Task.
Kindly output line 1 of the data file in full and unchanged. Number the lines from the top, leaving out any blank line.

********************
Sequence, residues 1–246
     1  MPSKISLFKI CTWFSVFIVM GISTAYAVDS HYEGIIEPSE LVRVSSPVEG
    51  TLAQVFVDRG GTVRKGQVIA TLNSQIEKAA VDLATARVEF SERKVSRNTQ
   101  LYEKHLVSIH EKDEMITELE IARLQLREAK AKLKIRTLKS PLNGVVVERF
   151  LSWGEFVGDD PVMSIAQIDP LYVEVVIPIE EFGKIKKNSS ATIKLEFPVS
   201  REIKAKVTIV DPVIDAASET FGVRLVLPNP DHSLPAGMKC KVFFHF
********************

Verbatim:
Sequence, residues 1–246